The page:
Since four farmers decided to share a round baler more than 30 years ago, the Contrevents Verts co-op for the use of machinery in agriculture (CUMA) in Brion, western France, has accumulated an impressive fleet of 45 machines including round balers, six trailers, manure spreaders, maize processors, a tractor, a towed bean harvester, ploughs, harrows and subsoilers.

The CUMA also built a large solar-powered shed. It now has 37 members, nine of whom sit on its committee and one is responsible for managing each type of machine – all on a voluntary basis.

When a sub-group decides to buy a new machine, they put up 20% of its value into CUMA share capital in proportion to the usage they each commit to get out of it. The co-op then takes out a bank loan for the remaining 80% and purchases the machine in its own name.

Every year, the CUMA works out a rental fee for each machine to cover its depreciation, loan repayments and maintenance. When the machine is amortised and sold, the members who invested in it get their share capital back.

For example, a €31,000 round baler required €6,200 in share capital from the farmers interested in using it. Last year, its depreciation and running cost was €6,850 and it produced 4,226 bales, which would mean a rental fee of €1.62 per bale. Thanks to the sale of an older baler, the CUMA was able to charge only €1.21 per bale.

The trailers, ranging from 12t to 21t, are each available for €15/day, regardless of their size or the utilisation rate of each farmer. The group’s chair Emmanuel Lachaise told visiting Irish farmers this month that this was a founding principle of the CUMA. “A contractor would charge a different rate for big and small farmers – we don’t,” he said. The co-op is non-profit and ensures its rates are cheaper than contractors’.

“The CUMA allows us to have high-performance machinery all the time, because it renews it frequently,” Emmanuel added. The CUMA has an online booking system and the person responsible for each type of machine negotiates double-booking issues.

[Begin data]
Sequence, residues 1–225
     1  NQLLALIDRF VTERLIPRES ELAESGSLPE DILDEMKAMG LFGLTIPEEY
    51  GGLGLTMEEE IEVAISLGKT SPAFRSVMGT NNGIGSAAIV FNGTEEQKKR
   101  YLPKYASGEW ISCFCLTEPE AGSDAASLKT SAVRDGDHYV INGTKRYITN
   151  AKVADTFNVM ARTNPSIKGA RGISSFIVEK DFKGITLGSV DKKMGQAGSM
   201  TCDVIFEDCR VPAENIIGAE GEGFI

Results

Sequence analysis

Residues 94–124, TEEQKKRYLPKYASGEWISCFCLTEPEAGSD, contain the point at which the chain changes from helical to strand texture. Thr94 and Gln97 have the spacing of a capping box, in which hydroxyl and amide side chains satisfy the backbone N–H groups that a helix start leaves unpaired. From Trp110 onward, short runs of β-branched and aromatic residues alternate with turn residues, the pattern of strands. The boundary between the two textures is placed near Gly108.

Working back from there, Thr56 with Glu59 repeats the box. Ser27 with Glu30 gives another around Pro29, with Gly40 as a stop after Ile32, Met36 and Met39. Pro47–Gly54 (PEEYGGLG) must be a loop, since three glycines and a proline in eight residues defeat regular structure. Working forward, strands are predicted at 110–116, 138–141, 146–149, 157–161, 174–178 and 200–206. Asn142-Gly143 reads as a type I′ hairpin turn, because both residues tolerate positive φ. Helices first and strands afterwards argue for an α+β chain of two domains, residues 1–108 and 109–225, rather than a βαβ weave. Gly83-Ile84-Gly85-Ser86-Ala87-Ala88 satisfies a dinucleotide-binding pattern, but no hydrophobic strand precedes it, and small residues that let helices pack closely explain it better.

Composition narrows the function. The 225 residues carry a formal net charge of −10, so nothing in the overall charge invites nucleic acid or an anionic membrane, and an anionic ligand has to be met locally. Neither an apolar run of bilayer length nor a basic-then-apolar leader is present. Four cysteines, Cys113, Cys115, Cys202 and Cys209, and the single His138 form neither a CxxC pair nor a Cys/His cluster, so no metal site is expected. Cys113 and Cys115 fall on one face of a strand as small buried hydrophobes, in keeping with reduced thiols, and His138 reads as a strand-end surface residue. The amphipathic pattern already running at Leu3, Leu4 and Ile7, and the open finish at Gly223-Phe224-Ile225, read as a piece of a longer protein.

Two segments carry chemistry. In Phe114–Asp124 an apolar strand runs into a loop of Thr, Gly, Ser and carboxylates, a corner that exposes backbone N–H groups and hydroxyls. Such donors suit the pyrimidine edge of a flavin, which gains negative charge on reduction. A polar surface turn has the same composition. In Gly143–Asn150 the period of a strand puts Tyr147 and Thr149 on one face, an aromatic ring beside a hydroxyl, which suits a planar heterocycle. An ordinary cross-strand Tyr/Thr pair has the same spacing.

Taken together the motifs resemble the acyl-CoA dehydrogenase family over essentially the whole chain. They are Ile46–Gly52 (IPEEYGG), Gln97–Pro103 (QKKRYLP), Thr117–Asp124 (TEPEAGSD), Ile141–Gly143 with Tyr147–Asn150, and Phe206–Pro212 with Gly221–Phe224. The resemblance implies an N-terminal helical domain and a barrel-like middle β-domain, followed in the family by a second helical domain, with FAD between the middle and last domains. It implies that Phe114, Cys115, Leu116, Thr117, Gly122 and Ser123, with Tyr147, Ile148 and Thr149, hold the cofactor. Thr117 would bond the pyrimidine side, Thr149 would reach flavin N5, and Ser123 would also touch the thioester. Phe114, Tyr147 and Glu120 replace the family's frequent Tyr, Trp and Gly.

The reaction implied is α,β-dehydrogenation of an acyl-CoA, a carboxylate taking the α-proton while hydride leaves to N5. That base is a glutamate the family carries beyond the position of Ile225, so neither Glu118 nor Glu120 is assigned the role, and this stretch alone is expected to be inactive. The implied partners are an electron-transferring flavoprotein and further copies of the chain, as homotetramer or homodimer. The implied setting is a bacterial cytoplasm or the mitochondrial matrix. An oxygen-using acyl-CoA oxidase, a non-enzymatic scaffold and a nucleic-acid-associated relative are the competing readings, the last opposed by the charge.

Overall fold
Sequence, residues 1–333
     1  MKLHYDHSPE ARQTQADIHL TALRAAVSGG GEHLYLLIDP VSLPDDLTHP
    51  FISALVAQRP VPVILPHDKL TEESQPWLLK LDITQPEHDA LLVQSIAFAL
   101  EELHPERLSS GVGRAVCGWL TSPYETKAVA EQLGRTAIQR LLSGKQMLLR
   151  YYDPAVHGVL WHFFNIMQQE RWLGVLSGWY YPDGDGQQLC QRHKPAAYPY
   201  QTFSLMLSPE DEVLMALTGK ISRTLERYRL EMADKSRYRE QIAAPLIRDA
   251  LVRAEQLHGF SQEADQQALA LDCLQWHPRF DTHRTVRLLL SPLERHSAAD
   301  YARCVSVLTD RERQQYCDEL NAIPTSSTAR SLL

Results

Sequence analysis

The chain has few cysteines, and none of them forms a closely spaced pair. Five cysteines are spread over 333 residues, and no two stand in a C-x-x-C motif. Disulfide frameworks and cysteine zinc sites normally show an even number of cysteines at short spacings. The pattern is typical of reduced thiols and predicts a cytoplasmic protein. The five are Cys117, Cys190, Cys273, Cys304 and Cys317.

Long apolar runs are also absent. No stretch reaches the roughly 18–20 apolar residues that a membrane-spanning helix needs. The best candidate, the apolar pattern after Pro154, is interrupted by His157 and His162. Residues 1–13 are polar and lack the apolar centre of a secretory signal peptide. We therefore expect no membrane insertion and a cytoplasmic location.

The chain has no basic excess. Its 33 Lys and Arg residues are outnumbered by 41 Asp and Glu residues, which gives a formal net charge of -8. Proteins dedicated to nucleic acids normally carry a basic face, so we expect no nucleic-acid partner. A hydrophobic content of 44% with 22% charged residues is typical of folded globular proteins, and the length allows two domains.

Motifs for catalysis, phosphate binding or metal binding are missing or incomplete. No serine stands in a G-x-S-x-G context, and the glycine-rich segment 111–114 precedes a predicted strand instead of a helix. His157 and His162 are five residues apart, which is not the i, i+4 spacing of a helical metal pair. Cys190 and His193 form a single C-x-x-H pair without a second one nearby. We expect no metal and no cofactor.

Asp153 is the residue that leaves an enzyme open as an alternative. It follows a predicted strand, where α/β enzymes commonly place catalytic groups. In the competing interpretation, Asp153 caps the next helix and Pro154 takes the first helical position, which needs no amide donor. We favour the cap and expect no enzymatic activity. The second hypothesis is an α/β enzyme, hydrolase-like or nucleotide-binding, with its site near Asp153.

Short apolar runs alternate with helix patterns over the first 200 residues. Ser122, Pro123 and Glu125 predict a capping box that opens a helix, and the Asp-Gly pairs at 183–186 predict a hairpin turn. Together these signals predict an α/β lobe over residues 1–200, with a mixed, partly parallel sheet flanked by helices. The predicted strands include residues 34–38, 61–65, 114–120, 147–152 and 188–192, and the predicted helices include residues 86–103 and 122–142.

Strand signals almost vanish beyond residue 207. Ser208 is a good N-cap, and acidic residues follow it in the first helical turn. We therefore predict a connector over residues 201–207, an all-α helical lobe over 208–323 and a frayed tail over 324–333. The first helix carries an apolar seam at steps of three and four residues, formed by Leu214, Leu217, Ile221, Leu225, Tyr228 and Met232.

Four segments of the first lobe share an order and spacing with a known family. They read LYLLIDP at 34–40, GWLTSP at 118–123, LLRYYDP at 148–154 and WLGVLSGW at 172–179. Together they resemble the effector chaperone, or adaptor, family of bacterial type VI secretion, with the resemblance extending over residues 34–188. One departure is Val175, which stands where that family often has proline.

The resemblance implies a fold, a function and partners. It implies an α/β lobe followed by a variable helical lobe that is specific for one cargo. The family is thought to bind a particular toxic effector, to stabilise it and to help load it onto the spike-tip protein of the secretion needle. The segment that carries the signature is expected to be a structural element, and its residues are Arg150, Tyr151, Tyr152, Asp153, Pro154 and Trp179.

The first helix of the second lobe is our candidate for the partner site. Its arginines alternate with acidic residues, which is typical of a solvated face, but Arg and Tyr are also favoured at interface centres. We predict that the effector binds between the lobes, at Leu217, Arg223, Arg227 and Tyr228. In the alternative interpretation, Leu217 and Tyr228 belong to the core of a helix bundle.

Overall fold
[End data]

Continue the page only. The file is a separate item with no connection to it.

There are bylaws governing how new members can join and buy into existing machines, how members can leave without causing difficulties for others and how younger farmers can avail of staged payments.

Emmanuel said that “what determines a CUMA’s success is the dynamic of local farmers who want to work together”. In this case, informal help between neighbours was commonplace before they decided to pool machinery.

Hard questions

When members of the Kilnamartyra discussion group in Co Cork visited the CUMA this month, they asked all the questions linked to the failure of previous attempts to import the model into Ireland. Here are Emmanuel’s replies:

Q. What if two farmers want the same machine at the same time, especially if the forecast allows only a short spell of good weather?

A. The weather is better in France, but there are cases like this. The first option is to run the machines 24/7. This has happened with ploughs before. The CUMA can also call in a contractor and spread the cost through the rental fees.

Q. What if someone breaks a machine?

A. Before each use, the farmer using the machine checks it and reports any issues. Normal wear and tear breakdowns are covered by the CUMA through running costs. Damage caused by a member are their responsibility.

Q. How do you track usage?

A. Each machine is fitted with a clock to measure the kilometres, hectares, hours or bales covered.

Q. How does the CUMA manage insurance and liability?

A. The CUMA has its own insurance, but in France, the individual insurance of the farmers’ tractor towing each machine will cover it as well. If there is an accident, health and safety inspectors will want to check that the machine was properly maintained and the CUMA’s chair is ultimately responsible for this.

After discussing the CUMA model, several Kilnamartyra farmers said they would consider forming one at home, mentioning interest in a dump trailer and a trailing shoe slurry spreader.

“We are in a purchase group and work together already,” said John Wood, citing their existing committee and bank account. Patrick McSweeney agreed and said: “I already borrow a trailer from John; if there was a structure to pay €15 per day I’d be happy to.”

Other members under more time pressure said they would rather continue with contractors and Patrick said that sharing labour to operate shared machinery and perform other tasks such as relief milking could become a feature of the project.

Important questions remain to be answered before a CUMA can be formed in Ireland such as how would it be taxed, how to access TAMS grants and how to manage those tight weather windows without falling out.